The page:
Raspberry Pi’s Astro Pi challenges give pupils the opportunity to write code to run on the International Space Station. With two levels of challenge, it’s suitable for a large age range. With Mission Zero guaranteeing your code to run for 30 seconds and Mission Space Lab running your pupils’ program for two orbits, it’s hard for your pupils not to feel inspired when they write code that runs in space.

Role models in Stem

As teachers, we spend a lot of time looking for role models to inspire our pupils. Yet outdated or out-of-reach names are often put to us as STEM heroes to promote to our pupils, when really they need to hear about people who are relatable and accessible to them. Joshua Lowe and Lorraine Underwood are two such role models. Both speak about failure and learning from those failures in their work, which is so important for young people starting on their Stem journey.

Joshua Lowe is a 14-year-old who created programming software with the sole aim of making coding more accessible to younger children. He wanted both children and teachers to be able to program in the Python language so he developed software, Edublocks, that turned the Python language into Scratch-like blocks that his target audience would be more familiar with.

His software is now used in over 75 countries around the world and can be used with the Micro:bit and Raspberry Pi. Lowe regularly runs workshops and provides CPD for teachers, and has been recognised with a John Pinner Award for his contribution to the Python community and was a 2017 BT Young Pioneer finalist.

BFG dream jars

Lorraine Underwood describes herself as a "maker", and as well as being a teacher and regional Lancaster CAS coordinator, she organises her local Raspberry Jam, is a Code Club volunteer and a Code First: Girls instructor. She has developed her expertise with Micro:bits and Raspberry Pis to create some amazing innovations. BFG dream jars, Power Ranger swords, Sorting Hats and Twitter-programmable light-up shoes would be enough to inspire even those pupils least engaged by Stem.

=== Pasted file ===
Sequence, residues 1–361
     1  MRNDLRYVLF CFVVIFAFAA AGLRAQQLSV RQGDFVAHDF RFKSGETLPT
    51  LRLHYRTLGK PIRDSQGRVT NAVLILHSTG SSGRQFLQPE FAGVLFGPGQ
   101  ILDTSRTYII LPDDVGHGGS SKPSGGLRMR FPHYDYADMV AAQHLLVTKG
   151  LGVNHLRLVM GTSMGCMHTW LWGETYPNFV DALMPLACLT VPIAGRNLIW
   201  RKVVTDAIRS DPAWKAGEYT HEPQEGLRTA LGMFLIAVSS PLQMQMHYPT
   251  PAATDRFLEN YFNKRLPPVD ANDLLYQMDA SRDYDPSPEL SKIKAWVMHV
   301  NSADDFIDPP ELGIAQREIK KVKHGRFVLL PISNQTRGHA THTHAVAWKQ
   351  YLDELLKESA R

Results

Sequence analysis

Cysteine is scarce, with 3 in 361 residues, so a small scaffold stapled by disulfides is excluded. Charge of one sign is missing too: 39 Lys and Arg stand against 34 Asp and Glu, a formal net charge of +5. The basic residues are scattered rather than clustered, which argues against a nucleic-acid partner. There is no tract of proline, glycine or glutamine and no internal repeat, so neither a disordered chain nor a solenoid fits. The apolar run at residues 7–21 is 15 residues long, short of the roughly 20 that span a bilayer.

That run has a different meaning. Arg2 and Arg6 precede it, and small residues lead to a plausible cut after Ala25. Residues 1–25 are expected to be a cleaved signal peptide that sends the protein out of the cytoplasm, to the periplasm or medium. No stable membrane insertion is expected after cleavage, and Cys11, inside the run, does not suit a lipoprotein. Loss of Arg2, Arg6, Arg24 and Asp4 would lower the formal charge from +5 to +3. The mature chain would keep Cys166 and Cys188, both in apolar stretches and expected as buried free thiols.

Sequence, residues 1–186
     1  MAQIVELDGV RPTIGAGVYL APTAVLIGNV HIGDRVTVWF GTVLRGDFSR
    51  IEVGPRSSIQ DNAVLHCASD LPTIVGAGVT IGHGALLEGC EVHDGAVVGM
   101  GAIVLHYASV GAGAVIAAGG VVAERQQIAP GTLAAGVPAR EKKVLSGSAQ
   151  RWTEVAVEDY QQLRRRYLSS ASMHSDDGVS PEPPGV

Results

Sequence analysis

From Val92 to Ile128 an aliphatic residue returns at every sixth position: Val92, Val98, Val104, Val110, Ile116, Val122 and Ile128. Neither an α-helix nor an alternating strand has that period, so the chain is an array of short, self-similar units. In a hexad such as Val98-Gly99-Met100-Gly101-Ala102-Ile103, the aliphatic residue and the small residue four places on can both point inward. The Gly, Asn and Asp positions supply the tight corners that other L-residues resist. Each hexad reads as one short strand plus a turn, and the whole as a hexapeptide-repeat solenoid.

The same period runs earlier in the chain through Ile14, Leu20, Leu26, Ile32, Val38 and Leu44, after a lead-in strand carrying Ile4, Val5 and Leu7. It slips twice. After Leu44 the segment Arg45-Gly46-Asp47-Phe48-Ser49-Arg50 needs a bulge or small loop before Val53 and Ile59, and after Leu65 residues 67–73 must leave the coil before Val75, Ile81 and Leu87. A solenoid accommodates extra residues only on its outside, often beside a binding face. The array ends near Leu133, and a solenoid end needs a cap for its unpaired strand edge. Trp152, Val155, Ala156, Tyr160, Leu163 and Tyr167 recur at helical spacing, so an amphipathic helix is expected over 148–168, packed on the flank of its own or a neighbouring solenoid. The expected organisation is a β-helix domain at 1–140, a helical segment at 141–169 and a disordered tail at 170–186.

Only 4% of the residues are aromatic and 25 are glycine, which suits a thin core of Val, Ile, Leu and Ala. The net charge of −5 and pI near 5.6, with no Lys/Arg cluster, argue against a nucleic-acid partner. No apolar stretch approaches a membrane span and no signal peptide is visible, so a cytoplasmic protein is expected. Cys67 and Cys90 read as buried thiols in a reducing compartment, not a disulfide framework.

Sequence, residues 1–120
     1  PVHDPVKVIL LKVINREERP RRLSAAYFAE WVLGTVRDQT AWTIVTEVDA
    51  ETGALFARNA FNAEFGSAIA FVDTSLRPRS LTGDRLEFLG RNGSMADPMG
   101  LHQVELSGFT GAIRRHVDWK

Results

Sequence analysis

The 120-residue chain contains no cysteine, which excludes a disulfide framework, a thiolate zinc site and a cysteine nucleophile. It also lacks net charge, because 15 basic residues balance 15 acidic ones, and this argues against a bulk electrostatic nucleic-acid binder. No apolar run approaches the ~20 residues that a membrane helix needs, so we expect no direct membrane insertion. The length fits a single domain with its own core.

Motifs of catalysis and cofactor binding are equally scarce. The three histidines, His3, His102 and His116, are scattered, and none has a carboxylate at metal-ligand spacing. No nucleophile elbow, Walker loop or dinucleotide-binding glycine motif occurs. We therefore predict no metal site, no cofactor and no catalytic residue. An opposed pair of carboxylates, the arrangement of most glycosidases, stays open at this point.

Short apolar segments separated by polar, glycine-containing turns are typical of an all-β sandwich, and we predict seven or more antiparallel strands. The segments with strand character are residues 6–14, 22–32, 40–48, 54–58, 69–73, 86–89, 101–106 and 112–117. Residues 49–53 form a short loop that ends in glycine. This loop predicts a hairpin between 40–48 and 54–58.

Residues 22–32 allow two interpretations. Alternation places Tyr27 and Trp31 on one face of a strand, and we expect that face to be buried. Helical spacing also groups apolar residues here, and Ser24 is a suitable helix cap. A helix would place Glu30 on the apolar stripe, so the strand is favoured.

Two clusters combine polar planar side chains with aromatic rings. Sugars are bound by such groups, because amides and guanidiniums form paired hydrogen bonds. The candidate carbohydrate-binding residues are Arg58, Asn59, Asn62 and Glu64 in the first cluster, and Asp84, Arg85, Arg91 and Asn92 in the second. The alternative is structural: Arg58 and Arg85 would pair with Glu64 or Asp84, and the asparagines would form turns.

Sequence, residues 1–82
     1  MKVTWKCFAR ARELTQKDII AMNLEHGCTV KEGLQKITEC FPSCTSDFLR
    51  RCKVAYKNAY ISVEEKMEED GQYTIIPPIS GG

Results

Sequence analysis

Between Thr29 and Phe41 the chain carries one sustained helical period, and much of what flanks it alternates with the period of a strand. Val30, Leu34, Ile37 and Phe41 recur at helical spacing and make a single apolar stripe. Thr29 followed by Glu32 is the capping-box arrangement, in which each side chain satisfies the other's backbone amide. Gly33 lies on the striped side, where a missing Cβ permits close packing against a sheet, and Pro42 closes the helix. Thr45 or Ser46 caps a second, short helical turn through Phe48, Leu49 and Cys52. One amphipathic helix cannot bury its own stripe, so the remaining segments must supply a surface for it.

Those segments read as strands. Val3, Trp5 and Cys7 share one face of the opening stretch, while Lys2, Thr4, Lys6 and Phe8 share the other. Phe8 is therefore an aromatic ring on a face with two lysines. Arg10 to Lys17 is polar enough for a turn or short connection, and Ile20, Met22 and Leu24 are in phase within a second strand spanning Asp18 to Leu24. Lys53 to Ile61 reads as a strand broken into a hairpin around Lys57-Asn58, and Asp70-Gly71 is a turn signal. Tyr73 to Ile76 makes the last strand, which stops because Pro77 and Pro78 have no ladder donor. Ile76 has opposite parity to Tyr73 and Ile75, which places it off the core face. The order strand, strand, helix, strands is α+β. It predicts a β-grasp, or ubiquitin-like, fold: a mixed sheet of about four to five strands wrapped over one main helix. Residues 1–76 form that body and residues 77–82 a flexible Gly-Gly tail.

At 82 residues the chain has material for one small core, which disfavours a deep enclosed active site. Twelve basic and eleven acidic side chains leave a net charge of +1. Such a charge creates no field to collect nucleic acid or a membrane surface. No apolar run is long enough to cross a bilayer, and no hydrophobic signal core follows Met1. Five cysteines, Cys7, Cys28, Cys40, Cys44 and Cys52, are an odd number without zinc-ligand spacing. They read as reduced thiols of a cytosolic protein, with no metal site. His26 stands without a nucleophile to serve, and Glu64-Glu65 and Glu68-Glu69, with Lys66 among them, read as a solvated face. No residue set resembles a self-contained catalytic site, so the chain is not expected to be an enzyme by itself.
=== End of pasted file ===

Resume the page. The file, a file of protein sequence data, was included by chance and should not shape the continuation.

However, Lorraine’s projects get even more impressive. She programmed her staircase to light up in different colours according to the outside temperature, creating an impressive array of rainbow-coloured lights.

One of her most recent and impressive projects is Cubert, her 8x8x8 cube built from 512 ping pong balls and 512 RGB LEDs. Cubert can be programmed using the Micro:bit, the Makecode blocks or the Raspberry Pi, making programming the cube accessible to all ages. It’s programmed to play 3D Snake, simulate falling rain and to be controlled by Twitter. For those pupils enjoying programming but not necessarily seeing a link to its real-world application, Lorraine’s projects are bound to help your pupils make that connection.

Another great way to inspire pupils is to show them winning entries from competitions they could enter. A recent FIRST LEGO® League team created a medivest that measures vital signs and can indicate significant changes to the wearer of the vest. Now the team has set up a company and their product is undergoing medical trials.